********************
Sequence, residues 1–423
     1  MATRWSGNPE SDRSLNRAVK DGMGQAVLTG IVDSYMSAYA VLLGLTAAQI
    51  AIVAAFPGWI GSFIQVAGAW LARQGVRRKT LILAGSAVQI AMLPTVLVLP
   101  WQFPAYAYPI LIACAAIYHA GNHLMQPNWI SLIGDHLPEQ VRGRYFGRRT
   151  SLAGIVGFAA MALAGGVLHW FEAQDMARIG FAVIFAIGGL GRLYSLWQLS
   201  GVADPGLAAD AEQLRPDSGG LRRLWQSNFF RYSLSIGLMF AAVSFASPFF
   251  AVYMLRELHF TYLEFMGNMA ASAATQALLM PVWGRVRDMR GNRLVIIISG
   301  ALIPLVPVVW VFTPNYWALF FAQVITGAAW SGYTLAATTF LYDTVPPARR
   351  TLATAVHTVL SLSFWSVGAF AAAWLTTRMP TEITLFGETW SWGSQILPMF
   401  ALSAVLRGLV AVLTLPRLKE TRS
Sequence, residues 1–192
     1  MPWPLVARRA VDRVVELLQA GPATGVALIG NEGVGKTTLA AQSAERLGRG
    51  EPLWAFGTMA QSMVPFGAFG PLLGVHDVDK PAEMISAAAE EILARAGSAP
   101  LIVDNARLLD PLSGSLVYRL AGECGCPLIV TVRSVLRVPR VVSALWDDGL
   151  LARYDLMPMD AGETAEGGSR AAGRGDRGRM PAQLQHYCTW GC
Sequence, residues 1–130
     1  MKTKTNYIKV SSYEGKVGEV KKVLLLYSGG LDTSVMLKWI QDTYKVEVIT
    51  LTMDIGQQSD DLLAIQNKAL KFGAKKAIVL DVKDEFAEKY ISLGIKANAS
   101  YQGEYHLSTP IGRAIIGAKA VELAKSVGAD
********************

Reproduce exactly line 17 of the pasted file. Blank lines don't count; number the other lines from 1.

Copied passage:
     1  MKTKTNYIKV SSYEGKVGEV KKVLLLYSGG LDTSVMLKWI QDTYKVEVIT